Philly eyes the barricades over Kaiser waltz

Negotiations are the Philadelphia Orchestra are deadlocked. The musicians don’t like the small pay increase on the table. And they especially don’t like the introduction of ex-Washington boss Michael Kaiser as an external consultant – along with the company’s refusal to show them his eventual recommendations. (UPDATE: The company has since clarified that the idea of hiring Kaiser was initiated by the musicians union.)

‘The biggest sticking point is, they don’t want to show us his report,’ one musician told the ever-reliable Peter Dobrin. ‘We were really close twice last night, and then it sort of fell apart.’

Read Peter’s full account here.

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  • I don’t think that both parties realize that soon the entire game will be over, especially for an ensemble like The Philadelphia Orchestra. They have a small endowment compared to other ensembles, they are located too close to New York to justify saving them and the community of donors and potential donors is limited compared to other US cities. They also have a long history of bad labor relations, bad management and a terrible experience with a disastrous music director, Christoph Eschenbach, who not only degraded the quality of the orchestra, but nearly bankrupted them with his and his manager’s greed and exorbitant financial demands, giving practically nothing in return. This all served to weaken this orchestra and they may not be able to make it through this time, in spite of finally having an appreciated music director who has repaired a lot of the artistic damage wrought by Eschenbach. I wish the first orchestra well, but they must keep in mind that they are walking on the precipice.

    • To close to NYC to justify saving them? So Philly’s metro population of 5.7 million are all to make the arduous trek to New York to see a concert? With local transit at both ends we’re talking about 3 to 4 hours each way. And then a drive home after the event to get in at about 1 or 2 AM. Or they could spend the night in exorbitantly priced NYC hotels? And don’t even count on decent mass transit. That suffers the same fate as public arts funding in the US of A.

  • The list below of orchestra budgets illustrates why the musicians in Philly are unhappy. It’s not just money, but budgets and salaries as a measure of status.

    1. Los Angeles Philharmonic $97M (2011)
    2. Boston Symphony Orchestra $84M (2013)
    3. Chicago Symphony Orchestra $74M (2014)
    4. San Francisco Symphony $72M (2011)
    5. New York Philharmonic $69M (2012)
    6. Philadelphia Orchestra $46M (2011)
    7. Cleveland Orchestra $42M (2012)

    The budget of the Philadelphia Orchestra is not even half of the LA Phil’s, and yet aside from a lot of marketing hoopla, it is probably a better orchestra and with a vastly richer tradition.

    The Berlin Phil’s budget is $39 million, just 52% of Chicago’s, and only on 40% of the LA Phil’s.

    Due to our funding system by and for the wealthy, there is far less funding than in Europe, and the funding that does exist is concentrated at the top. One result is that our major cities only have one top orchestra, while similar European cities often have up to 5 or more such as Paris, Vienna, Berlin, Munich, and London.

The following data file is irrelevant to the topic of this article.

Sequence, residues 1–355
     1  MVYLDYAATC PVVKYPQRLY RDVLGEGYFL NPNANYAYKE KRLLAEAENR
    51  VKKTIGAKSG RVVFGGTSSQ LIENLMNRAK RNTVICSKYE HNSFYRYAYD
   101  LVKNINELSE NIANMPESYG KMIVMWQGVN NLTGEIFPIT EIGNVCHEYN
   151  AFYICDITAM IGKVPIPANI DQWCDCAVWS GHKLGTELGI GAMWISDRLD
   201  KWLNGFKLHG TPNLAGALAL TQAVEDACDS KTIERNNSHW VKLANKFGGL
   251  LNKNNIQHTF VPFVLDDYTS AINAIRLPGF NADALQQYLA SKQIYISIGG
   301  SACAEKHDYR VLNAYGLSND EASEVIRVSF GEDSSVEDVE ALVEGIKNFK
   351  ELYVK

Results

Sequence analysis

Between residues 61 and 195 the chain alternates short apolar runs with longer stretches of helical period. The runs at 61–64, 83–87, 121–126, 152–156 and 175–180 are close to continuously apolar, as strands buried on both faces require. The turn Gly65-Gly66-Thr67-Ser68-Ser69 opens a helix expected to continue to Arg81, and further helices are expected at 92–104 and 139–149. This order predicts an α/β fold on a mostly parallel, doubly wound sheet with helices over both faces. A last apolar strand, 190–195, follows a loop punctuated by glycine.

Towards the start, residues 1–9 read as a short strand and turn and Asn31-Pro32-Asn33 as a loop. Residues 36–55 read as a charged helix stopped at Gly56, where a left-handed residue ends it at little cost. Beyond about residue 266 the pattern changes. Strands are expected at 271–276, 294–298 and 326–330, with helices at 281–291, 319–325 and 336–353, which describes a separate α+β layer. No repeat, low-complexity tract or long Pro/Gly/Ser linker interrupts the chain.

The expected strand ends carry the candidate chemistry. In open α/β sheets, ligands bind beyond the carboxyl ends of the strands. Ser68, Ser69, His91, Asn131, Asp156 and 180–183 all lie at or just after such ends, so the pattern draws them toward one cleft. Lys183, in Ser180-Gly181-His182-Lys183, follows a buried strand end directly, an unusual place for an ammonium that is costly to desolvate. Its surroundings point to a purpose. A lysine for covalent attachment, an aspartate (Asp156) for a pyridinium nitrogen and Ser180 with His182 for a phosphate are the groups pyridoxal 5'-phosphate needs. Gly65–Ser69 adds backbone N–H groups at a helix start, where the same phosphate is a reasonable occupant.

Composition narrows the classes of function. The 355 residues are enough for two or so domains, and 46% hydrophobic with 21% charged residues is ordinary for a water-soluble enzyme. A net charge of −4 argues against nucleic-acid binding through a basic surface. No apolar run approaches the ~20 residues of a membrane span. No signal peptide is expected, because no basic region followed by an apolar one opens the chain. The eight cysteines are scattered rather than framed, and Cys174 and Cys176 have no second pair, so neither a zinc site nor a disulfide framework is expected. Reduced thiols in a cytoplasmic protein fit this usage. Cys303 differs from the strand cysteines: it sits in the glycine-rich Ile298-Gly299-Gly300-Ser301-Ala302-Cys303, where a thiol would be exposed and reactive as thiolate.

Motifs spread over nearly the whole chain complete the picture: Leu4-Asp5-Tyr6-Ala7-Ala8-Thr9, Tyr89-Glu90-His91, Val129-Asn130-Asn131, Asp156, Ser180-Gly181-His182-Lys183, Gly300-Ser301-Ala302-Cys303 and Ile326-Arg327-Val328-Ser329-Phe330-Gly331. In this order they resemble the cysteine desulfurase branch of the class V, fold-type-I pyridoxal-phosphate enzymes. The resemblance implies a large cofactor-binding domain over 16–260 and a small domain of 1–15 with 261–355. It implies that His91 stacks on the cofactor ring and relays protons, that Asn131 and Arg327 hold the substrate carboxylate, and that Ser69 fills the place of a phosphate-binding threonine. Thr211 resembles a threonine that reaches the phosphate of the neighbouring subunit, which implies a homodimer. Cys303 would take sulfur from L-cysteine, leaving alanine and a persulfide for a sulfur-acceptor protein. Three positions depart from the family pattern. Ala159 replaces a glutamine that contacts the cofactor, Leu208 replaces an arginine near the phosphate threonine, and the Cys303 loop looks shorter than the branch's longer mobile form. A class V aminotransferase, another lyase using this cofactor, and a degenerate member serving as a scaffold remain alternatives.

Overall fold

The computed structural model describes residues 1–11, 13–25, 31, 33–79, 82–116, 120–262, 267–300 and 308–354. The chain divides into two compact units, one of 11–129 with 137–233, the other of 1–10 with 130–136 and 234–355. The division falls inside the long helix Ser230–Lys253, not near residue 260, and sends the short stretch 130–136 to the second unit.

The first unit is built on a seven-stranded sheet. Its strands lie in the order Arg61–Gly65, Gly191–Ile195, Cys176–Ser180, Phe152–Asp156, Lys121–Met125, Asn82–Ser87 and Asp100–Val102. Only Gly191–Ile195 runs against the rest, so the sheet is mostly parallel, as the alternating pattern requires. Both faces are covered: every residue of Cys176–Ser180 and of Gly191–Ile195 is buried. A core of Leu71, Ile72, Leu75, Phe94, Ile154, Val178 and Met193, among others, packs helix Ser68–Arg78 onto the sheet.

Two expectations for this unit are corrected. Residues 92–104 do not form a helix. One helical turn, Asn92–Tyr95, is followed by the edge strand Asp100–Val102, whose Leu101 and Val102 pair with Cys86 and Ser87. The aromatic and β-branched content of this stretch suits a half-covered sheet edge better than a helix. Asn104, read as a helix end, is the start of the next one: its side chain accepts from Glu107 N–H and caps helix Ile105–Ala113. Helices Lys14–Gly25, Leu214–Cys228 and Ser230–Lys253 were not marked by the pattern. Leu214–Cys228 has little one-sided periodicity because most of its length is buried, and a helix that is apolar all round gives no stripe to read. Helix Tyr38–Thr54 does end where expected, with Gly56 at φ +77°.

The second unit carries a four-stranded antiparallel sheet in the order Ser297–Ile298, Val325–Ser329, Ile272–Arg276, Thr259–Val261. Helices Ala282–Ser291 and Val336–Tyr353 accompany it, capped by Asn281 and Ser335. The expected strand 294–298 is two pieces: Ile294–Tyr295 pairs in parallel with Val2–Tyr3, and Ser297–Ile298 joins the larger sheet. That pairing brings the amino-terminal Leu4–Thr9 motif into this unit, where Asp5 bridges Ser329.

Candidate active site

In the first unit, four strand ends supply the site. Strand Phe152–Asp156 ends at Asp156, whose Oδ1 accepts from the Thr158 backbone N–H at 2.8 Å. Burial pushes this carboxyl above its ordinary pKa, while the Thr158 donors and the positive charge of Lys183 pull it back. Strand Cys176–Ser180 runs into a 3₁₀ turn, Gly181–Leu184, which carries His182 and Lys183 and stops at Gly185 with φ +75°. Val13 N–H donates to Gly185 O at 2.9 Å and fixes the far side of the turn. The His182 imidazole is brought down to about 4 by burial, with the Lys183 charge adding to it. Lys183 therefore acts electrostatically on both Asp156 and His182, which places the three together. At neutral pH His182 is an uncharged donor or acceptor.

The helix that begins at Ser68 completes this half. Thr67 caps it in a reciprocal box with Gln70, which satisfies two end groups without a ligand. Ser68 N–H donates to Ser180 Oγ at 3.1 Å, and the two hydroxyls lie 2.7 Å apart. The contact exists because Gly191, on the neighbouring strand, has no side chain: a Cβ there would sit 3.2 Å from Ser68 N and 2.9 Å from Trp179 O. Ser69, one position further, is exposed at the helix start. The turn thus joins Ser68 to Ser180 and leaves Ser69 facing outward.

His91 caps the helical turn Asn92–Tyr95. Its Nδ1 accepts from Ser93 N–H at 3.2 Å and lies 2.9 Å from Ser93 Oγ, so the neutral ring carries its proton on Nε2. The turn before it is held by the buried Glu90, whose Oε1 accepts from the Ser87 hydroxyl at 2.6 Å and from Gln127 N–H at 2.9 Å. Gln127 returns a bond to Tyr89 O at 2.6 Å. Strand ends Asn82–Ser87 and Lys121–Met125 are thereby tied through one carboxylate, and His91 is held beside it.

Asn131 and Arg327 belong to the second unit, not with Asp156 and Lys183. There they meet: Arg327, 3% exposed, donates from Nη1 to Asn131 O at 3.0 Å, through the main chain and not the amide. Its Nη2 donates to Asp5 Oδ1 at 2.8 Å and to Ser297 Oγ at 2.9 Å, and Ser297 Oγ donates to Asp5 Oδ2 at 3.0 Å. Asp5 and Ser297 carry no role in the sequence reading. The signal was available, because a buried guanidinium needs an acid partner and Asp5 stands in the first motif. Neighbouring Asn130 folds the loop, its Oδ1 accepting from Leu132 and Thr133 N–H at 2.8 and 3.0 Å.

Given the American social mindset, it is not surprise that Philadelphia has 180,000 people living in deep poverty (less than $10,000 per year for a family of three) which includes 60,000 children who face daily problems with hunger. Now cover your eyes and pretend you see nothing…

    • So very well put, “cover your eyes and pretend you see nothing.” That is the fundamental problem when dealing with any problem in the United States, people pretend that it doesn’t exist, or that the same problem is worse elsewhere, or the usual favorite of jingoism and chest pounding, believing that they are living in the chosen land. Also, no action is taken for resolving key problems and issues, i.e. Poverty, child poverty, high infant mortality, lack of affordable care for the aged, proper employment insurance, violence, gun massacres, drug addiction, mental illness, maintaining cultural facilities that are thriving and accessible, etc. Hardly anything is done to make a dent in these problems, so they just get worse and worse. I conclude that it is a basically lazy and fearful society, without much true love of country, only false patriotism, but no love of their fellow citizens, nor any collective identity worth upholding. It’s all so much like the Soviet Union before its collapse.

    • There is no “probably” about Philly being a better orchestra than Los Angeles, and there is as well no doubt in their having, in YN-S, the better, though less well-promoted conductor. These minor points aside, Mr. O’s comments are well taken here.

        • The budget of the NY Phil is only 71% of LA’s, but the cost of living in NYC is even higher. Most all of these orchestras have pops concerts and summer festivals. Summer events, festivals, and cost of living do not account for such large variances in budgets.

          • The correlation here is generally between cost of living and budget with extensive summer festivals folded in as Olassus points out. If you doubt that, check cost of living for each city. For example, LA is, in general 20% cheaper than NY (google it!) but the Hollywood bow has a very significant season that includes another orchestra as well as numerous pop acts. Not at all comparable to the summer parks concerts of the NY phil.